Bamiyan – While many international aid organizations have pulled out of Afghanistan in recent years, Jesuit Refugee Service remains committed to helping educate the country’s youth – particularly girls and those from marginalized groups.
JRS actively recruits girls for its education programs in Afghanistan, striving to have at least 50 percent of it student body female. And in a country where tradition often dictates that girls learn separately from boys, most JRS classrooms are co-educational, a setup designed to break down inhibitive social barriers that can discourage – or outright prohibit – girls in their pursuit of an education.
Fr. Orville Desilva SJ, JRS project director for Afghanistan’s Bamiyan region, said that because of JRS’s longstanding work in Afghanistan, it has built strong, trustful relationships with many communities, allowing parents to feel comfortable sending their girls to study at JRS learning centers.
“It’s not very common (in Afghanistan) where parents would send their girls to another province to study, but we work very closely with the local community and they’re very supportive of the work we do,” said Fr. Desilva, a native of India, during a recent visit to the JRS/USA office in Washington, D.C. “They see the impact of our programs on the community.”
JRS trains about 5,000 students annually in Bamiyan city, located along the ancient Silk Road. Instruction includes “complementary” education classes that include English, computer and teacher training, and online diploma programs that are popular with students who aspire to continue their education beyond high school. JRS also helps train students for university entrance exams.
While other private schools in the region also offer the popular English courses, parents and students – particularly girls – are drawn to JRS because “we’ve tried to create a safe space where they can come in and study,” Fr. Desilva said.
About 60 percent of all secondary level students in JRS programs in Afghanistan are girls, he said. Participation for girls increases to about 75 percent for post-secondary diploma courses offered through Jesuit Worldwide Learning: Higher Education at the Margins, a program formerly called Jesuit Commons: Higher Education at the Margins, or JC:HEM. The courses take place in Bayiman and in the neighboring Herat province.
Another innovative educational initiative that JRS started this year in Bamiyan is called “Each One, Teach Some.” In this program, students from rural areas come to Bamiyan for three-to-four months of intensive English language training, then return home to pass on their new language skills to others. Of the 50 students from the remote province of Daykundi who participated in the program last winter, more than half were girls.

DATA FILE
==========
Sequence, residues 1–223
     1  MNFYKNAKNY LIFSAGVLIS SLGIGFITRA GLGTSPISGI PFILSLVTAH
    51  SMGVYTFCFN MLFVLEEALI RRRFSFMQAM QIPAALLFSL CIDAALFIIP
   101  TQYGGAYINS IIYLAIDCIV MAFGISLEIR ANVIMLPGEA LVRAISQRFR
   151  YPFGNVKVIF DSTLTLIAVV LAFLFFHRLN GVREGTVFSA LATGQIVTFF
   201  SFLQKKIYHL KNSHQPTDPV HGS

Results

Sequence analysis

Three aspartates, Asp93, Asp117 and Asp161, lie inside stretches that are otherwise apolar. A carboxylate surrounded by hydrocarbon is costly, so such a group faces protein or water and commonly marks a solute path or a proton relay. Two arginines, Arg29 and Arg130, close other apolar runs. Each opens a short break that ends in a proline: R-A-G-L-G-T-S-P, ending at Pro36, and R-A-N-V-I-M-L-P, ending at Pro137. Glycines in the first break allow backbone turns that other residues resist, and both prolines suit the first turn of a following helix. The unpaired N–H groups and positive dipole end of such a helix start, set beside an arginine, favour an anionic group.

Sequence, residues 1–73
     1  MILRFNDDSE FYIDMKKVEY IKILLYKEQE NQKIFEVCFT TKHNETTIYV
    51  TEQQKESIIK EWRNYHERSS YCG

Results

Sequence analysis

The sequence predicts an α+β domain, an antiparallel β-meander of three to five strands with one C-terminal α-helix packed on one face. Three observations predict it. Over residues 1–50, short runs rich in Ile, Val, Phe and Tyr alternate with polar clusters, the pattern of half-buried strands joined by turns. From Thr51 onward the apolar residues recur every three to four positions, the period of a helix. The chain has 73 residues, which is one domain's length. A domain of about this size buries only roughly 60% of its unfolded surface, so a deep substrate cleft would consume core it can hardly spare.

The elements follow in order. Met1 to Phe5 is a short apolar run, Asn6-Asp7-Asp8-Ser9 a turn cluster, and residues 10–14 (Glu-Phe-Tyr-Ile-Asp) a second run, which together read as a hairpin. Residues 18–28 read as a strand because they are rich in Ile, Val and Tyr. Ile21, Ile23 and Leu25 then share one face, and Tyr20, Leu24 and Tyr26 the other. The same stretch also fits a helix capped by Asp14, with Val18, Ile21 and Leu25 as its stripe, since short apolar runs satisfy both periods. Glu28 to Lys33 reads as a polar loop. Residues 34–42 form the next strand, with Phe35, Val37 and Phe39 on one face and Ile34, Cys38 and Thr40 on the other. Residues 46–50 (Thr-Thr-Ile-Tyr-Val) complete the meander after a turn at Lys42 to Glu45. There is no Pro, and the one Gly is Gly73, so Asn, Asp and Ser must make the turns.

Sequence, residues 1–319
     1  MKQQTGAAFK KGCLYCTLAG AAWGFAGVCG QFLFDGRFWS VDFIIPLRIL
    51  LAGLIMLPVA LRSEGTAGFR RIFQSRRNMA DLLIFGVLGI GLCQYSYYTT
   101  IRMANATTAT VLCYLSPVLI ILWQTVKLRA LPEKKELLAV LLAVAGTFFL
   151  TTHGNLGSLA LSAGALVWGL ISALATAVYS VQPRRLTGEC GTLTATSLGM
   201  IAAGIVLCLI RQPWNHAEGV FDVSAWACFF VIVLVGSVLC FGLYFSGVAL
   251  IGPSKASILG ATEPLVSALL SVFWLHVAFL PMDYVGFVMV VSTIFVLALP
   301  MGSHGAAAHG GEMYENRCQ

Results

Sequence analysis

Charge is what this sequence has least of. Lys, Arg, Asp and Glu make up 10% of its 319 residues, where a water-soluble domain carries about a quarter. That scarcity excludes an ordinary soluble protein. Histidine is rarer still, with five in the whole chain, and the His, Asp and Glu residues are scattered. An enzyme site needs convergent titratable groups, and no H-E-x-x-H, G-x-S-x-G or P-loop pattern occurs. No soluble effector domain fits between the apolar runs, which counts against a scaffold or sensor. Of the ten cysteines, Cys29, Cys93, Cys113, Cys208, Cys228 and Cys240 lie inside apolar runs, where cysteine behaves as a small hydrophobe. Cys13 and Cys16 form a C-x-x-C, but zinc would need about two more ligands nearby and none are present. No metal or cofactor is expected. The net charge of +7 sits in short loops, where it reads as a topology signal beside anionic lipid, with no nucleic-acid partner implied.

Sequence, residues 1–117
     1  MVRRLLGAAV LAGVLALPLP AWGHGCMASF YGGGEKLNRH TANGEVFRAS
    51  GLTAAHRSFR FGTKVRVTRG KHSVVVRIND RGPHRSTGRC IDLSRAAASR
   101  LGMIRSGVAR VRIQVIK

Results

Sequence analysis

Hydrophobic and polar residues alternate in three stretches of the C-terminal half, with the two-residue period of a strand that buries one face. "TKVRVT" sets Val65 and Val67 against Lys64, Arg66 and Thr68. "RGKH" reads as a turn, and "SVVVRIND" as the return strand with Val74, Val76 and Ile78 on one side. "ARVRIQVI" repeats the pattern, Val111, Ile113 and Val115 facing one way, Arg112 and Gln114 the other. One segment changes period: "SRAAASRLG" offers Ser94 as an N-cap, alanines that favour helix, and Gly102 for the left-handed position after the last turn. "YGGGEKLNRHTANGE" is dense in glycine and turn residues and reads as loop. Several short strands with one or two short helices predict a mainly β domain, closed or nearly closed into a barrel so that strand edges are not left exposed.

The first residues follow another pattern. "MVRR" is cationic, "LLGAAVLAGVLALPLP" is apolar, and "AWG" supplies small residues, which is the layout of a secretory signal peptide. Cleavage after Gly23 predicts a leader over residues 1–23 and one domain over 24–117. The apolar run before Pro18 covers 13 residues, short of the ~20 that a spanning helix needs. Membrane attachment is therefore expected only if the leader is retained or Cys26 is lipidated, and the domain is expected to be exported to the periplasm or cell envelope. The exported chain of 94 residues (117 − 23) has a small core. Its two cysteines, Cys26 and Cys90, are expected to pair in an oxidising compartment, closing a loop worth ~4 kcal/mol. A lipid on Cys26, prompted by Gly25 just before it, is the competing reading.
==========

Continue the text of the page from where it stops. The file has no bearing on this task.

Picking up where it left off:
“We tell the students, ‘you have learned English from JRS, you have benefited, so now you have to contribute back to your society,” Fr. Desilva said. “We make them aware from the beginning that they have a responsibility to their community.”
JRS Afghanistan also helps some of its students secure scholarships to Jesuit colleges in India, with many returning to their homeland after their studies to work with JRS.
“This is something we think is a way to move forward, because for various reasons it’s not possible for a large number of Jesuits to be in Afghanistan,” said Desilva, one of two Jesuits working in country for JRS. “But the people who work with us share the same and vision and mission, and then they are able to translate and take forward the work that we do in Afghanistan.”
JRS works largely with the more vulnerable and marginalized Hazara community. During the Taliban regime some Hazaras fled to Iran, where they share a common language, Persian, with Iranians. After the Taliban retreated, many of the refugees returned to Afghanistan and settled in the larger cities to look for work.
Pashtun and Hazara students study side-by-side in JRS classrooms, which Fr. Desilva says “creates a very good platform where the students can interact with one another and overcome, to a certain extent, the ethnic differences which they might have.”
The Jesuit added that while he would like to expand programs in Bamiyan and elsewhere in Afghanistan, cutting through bureaucratic red tape can be cumbersome.
“But definitely we can see ways of expanding what we do and reach out to many more students and some schools in the more rural areas around the Bamiyan center,” he said.